Daily blogs from the frontlines of the Greenpeace planet down under. 

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  • Help name our new boat

    Blogpost by Nick Young - March 16, 2017 at 23:48

    Wow - we did it! Together, we’ve bought ‘The People's Boat’. Almost 1,000 people chipped in and together we have bought the boat that’s going to confront the Amazon Warrior - AKA, The Beast.

    Now we need you to give it a name. It’s only fitting that a crowdfunded boat gets a crowdsourced name!

    We need a name that reflects its people-powered spirit, its New Zealand heritage, and its new role as a guardian of our oceans and coastlines. It's a humble 15 metre ex-pilot boat with 7 berths and gets along at a fair rate of knots. It's not flashy, but it's seaworthy and safe.

    Click here to suggest a name. Once everyone has submitted their suggestions, we’ll pick out a shortlist, and then ask you to vote on the final choice.

    We’re preparing a crew, and soon we’ll be cleaning the bilges, stockin... Read more >

  • To save the climate, we must all push beyond our comfort zones

    Blogpost by Amanda Larsson - March 13, 2017 at 16:43

    I’ve always been mortified of breaking the rules.

    Looking back at my childhood and teens, I’m almost embarrassed by how righteously rule-abiding I’ve been. Never once got a detention in school. Never ever handed an assignment in late. Never got yellow-carded in soccer.

    I come from a family where “don’t stick your neck out” is a guiding philosophy. My whole life, I’ve learned to be a peace-maker; to never upset anyone or make enemies. In my family, putting your name to a petition is risky. Going on a protest march is deeply troubling. Blockading an oil conference? Absolutely out of the question.

    And yet, this is where I find myself. Prepared to join hundreds of people who will peacefully put their bodies on the line to stop oil industry executives from making plans to dig more unburnable ... Read more >

  • Our oceans, our responsibility

    Blogpost by Mike Fincken - March 2, 2017 at 8:55

    For some people the oceans may seem vast - to me they are my garden and my home. For the last three decades I have spent most of my life as a sailor and a captain. So you can imagine I feel a special tie to our blue planet. The many years at sea also mean I have witnessed how things have increasingly gone wrong for our oceans.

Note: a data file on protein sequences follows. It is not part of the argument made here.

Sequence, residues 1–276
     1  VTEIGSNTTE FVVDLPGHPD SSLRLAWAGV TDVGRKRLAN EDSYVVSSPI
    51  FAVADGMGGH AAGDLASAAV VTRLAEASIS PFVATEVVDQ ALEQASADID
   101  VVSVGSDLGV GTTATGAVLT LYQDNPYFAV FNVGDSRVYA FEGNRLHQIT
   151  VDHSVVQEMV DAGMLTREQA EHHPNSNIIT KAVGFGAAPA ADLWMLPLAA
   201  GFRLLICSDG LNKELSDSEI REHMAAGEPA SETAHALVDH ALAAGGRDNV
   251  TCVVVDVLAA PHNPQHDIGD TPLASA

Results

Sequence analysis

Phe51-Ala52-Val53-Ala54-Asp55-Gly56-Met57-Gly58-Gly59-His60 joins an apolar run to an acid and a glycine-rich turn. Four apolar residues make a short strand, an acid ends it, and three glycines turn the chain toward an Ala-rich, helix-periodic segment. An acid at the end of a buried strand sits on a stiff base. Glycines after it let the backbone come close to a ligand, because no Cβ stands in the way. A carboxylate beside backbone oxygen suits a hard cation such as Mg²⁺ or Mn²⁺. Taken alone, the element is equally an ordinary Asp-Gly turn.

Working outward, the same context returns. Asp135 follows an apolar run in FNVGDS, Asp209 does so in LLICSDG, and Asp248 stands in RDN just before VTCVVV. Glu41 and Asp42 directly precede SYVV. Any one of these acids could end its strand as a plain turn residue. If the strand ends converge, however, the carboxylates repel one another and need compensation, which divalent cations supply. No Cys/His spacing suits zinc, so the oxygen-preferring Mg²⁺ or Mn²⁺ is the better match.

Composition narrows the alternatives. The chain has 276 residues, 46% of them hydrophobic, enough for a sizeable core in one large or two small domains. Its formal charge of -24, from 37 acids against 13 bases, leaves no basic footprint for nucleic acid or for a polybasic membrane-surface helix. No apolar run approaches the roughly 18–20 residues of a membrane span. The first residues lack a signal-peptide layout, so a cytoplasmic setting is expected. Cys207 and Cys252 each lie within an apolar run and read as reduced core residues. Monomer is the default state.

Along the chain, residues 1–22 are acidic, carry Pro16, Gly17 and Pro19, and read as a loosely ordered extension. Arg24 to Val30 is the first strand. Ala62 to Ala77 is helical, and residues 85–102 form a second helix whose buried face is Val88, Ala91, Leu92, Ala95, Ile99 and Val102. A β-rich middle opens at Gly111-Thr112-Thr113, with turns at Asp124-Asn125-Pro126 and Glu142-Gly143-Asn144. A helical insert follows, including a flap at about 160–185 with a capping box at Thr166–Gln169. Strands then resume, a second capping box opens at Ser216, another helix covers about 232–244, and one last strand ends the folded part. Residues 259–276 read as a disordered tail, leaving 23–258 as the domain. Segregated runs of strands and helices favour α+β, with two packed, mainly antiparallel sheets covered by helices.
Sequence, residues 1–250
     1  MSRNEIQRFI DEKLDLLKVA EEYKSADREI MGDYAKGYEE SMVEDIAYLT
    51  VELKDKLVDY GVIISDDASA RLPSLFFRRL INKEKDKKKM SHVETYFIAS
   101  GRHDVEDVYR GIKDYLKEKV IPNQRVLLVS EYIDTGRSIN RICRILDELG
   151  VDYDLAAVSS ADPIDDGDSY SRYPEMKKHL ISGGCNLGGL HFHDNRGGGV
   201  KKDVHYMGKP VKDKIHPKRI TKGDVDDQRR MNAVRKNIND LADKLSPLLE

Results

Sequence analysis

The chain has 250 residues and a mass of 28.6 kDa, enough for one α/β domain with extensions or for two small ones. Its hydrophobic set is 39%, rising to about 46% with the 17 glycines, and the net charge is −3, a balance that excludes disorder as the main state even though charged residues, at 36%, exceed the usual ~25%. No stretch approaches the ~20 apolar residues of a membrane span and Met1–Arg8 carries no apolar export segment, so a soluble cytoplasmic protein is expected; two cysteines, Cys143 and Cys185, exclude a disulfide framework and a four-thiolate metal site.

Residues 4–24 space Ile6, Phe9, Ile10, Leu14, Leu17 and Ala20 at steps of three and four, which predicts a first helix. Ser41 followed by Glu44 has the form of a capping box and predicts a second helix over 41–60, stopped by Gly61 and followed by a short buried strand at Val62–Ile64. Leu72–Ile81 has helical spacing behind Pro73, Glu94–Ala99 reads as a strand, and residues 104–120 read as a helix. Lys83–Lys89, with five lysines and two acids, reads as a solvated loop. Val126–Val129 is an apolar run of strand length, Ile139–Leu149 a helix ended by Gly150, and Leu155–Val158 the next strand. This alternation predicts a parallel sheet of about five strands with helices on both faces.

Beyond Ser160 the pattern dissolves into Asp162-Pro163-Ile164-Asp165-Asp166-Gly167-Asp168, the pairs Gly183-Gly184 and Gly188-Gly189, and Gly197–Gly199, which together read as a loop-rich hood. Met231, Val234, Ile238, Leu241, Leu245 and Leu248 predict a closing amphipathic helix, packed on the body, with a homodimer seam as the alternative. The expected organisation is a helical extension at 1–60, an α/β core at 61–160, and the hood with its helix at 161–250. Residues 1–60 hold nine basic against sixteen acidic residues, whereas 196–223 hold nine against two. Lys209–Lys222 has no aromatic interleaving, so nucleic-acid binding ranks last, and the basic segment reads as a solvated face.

Year by year, more and more fishing boats are out there, and they are getting bigger and bigger as well. There is so much over-fishing going on, so much poor management of fisheries and so much illegal fishing.

    Philippine Purse Seine Fishing OperationDiver Joel Gonzaga of the the Philippine purse seiner 'Vergene' at work using only a single air compressor hose to the surface, in and around a skipjack tuna purse seine net, in the international waters of high seas pocket No1   © Alex Hofford / Greenpeace

    Having sailed with Greenpeace for a long time now, I have been up-close and dirty with industrial fishing boats. I have witnessed bulging nets so large they could not be brought on board but had to be sucked up through a pipe lowered into the sea. I hear in... Read more >

  • Is Nick Smith Minister for Magic?

    Blogpost by Gen Toop - February 27, 2017 at 16:12

    It seems the critical issue of clean swimmable water for New Zealanders has passed into the realms of magical realism.

    Minister for Magic, Nick Smith waved his blue wand and wadeable rivers miraculously turned into ones you can swim in.

    Nick Smith

    All it takes is a little fiddling with the standards.

    This week Smith made a brave promise that 90 per cent of rivers would be swimmable by the year 2040.

    On the surface an applaudable sentiment, a move in the right direction, but anyone who has been following the freshwater debate will see right through it.

    Only a year ago the Environment Minister was saying that aiming for swimmable rivers was "impractical".

    So what changed to make it practical?

    Over the summer there's been a tipping point in public opinion.

    Thanks to efforts by many environmenta... Read more >

  • Don't get freaked by the eco

    Blogpost by Phil Vine - February 25, 2017 at 10:59

    Funny how, over time, crazy weird becomes the new normal. There were certainly some nutty ideas floating around when I was a young fella studying Agricultural Economics at Lincoln University last millennium.